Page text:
In order to be valid, an advanced electronic signature, must meet the following requirements –

  • it must be uniquely linked to the signatory;
  • it must be capable of identifying the signatory;
  • it must be created using means that are under the signatory’s sole control; and
  • it must be linked to other electronic data in such a way that any alteration to the said data can be detected.

‘In South Africa, an advanced electronic signature is currently required for: (1) a suretyship agreement and (2) the signing as a Commissioner of Oaths’ (Wong (op cit)). Accordingly, I submit that an advanced electronic signature may also be used for the signing of a court affidavit and other legal documents such as loan agreements. The challenge with affidavits, however, is the requirement of commissioning in the presence of a Commissioner. Sections 1, 2 and 3 of the Regulations to the Justices of the Peace and Commissioners of Oaths Act 16 of 1963 provide that the deponent shall sign the declaration in the presence of the commissioner of oaths. I submit that this requirement can potentially be fulfilled electronically with the use of a video conferencing system such as Skype, Microsoft Teams or Zoom. It will be interesting to see if courts will allow for the e-signing and e-commissioning of court affidavits and the processes that will need to be satisfied.

Legal recognition of the e-signature

‘The use of electronic signatures has never been more relevant than at this stage in our technological development’ (David Warmback and Suhail Ebrahim ‘Electronic Signatures, Credit Agreements and the National Credit Act’ (www.wylie.co.za, accessed 21-7-2021)). As a result of recent technological advancements, many countries have been prompted to create or develop their e-commerce laws and build new legal frameworks for this emerging digital sector. In SA, the ECTA is the primary legislation that governs digital communications. The main objectives of the Act are to promote, facilitate and regulate electronic communications and transactions. The ECTA also seeks to develop a national e-strategy, promote universal access to electronic communications and transactions and prevent the abuse of information systems. In essence, the ECTA aims to address the world of e-commerce and establish legal principles to govern digitally concluded contracts and transactions.

There are several sections in the ECTA that confirms the validity of the electronic signature. Section 13(2) of the ECTA specifically confirms that contracts cannot be denied enforceability merely because they are concluded electronically or through data messages. Section 13(4) further provides that where an electronic signature has been used, such signature is regarded as being a valid electronic signature and to have been applied properly, unless the contrary is proved. The ECTA specifically states that an electronic signature is not without legal force and effect merely because it is in electronic form, clearly indicating that electronic signatures are legally recognised in SA (see s 11(1) of the ECTA and FirstRand Bank Ltd t/a Wesbank v Molamuagae (GP) (unreported case no 24558/2016, 26-2-2018) (Senyatsi AJ)). Section 15(4) of the ECTA further provides that a data message, such as an electronic signature, produced in any legal proceedings is admissible evidence and is rebuttable proof of the facts therein.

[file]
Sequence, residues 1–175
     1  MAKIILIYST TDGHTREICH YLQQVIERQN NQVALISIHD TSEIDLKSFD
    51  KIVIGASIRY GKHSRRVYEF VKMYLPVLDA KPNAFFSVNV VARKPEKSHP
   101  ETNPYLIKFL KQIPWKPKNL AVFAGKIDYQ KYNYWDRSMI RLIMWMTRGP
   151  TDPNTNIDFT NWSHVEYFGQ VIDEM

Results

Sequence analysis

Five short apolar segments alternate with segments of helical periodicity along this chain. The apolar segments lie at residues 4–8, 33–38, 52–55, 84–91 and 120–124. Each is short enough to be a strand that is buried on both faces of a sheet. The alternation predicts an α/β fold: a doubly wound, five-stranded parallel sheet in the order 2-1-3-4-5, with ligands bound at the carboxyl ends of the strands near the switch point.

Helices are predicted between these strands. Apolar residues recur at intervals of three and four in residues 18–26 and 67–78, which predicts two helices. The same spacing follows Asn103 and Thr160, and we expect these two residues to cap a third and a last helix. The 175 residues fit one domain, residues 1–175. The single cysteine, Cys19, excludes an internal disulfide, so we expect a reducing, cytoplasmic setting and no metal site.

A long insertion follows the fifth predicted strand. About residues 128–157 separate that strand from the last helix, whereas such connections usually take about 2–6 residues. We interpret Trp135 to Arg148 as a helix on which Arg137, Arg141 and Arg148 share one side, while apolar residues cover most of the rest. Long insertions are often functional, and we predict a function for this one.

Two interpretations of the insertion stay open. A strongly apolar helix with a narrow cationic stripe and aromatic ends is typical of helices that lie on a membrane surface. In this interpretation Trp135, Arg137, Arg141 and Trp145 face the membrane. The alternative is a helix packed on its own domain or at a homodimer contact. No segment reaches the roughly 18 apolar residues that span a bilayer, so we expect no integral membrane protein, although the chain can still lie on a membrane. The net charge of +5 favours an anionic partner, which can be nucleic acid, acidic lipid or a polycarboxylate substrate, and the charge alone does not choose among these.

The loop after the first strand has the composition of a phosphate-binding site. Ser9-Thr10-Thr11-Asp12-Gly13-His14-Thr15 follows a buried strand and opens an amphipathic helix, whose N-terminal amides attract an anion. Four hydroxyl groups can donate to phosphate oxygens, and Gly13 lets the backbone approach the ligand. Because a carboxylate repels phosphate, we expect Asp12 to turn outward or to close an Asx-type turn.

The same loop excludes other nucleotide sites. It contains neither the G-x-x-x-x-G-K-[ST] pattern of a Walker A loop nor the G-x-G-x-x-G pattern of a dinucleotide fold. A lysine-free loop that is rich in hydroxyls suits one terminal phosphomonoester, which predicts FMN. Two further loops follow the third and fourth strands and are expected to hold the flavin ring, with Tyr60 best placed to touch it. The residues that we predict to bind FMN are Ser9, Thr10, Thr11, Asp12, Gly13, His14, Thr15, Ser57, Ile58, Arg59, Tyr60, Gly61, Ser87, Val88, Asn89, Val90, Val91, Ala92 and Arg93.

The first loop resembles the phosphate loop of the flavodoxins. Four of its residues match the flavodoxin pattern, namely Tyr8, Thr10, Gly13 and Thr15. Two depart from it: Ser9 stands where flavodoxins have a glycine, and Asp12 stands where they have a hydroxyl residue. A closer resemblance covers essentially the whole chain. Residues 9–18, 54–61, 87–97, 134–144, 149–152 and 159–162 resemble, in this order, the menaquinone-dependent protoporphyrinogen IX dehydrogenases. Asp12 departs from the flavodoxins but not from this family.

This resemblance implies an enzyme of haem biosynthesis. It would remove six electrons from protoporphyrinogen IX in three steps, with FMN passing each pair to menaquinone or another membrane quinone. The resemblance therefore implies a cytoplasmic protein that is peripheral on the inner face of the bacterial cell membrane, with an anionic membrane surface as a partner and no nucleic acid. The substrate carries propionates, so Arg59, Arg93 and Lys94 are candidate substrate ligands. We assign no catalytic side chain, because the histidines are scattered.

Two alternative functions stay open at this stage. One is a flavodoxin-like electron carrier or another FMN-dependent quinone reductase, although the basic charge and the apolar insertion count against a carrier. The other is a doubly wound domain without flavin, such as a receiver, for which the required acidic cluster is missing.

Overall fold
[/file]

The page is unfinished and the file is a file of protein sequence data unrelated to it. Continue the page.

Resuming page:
‘South Africa followed a global trend in recognising the legality of electronic signatures, rendering the status of electronic signatures as a functional equivalent to traditional “wet” [ink pen-based] signatures’ (Wong (op cit)). The ECTA, like most electronic legislation in foreign countries, have followed the recommendations of the United Nations Model Law and European Union directives by providing legal recognition to electronic signatures and transactions (see the United States Uniform Electronic Transactions Act and the Electronic Signatures in Global and National Commerce Act, and the Canadian Uniform Electronic Commerce Act 1999, and the United Kingdom Electronic Communications Act 2000).

Importantly, the ECTA does not limit the operation of any law, nor does it compel anyone to use or submit information in an electronic form. Gereda comments that the Act does not discriminate between paper and electronic documents, nor does it create a new way of doing business (see Shumani L Gereda ‘The Electronic Communications and Transactions Act’ in  Telecommunications Law in South Africa (Johannesburg: STE Publishers 2006)). The ECTA facilitates and gives legal recognition to the new ways of doing business that are emerging through the evolution of technology. In a country like SA, which has components of a developing and developed society, the emergence of digitalised economy could prove challenging to the public and private sector. Given this unique position, the ECTA has done well to facilitate the use of electronic communications.

Conclusion

In today’s modern society, it is difficult to imagine the world without technology. The Internet, social media, Zoom, on-line shopping and e-mails have become a part of everyday life.  Technology has created, and continues to create a new economic landscape, which has revolutionised the global economy and fundamentally changed the way we communicate. The world has embraced the rapid pace in which technology has infused into human living, and it is interesting to note that mediums such as the World Wide Web, and Google were established less than 30 years ago. The digital revolution has occurred so rapidly that its character and implications from a commercial and legal perspective have not yet been fully understood. The age of digitalisation has changed the way we interact with one another, and from a legal perspective it has changed the way contracts and other legal and commercial transactions are concluded.

Dr Ciresh Singh LLB LLM PhD (Law) (UKZN) is a legal practitioner in Durban.

This article was first published in De Rebus in 2021 (Aug) DR 20.